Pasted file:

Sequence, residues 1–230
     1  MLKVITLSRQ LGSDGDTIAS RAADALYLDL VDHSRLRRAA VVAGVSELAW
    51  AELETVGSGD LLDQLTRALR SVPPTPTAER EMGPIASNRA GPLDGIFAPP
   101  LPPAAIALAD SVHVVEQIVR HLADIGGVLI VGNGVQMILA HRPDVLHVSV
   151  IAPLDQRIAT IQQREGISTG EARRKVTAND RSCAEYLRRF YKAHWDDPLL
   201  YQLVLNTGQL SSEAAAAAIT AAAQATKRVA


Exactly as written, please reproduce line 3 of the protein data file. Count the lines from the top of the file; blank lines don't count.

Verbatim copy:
    51  AELETVGSGD LLDQLTRALR SVPPTPTAER EMGPIASNRA GPLDGIFAPP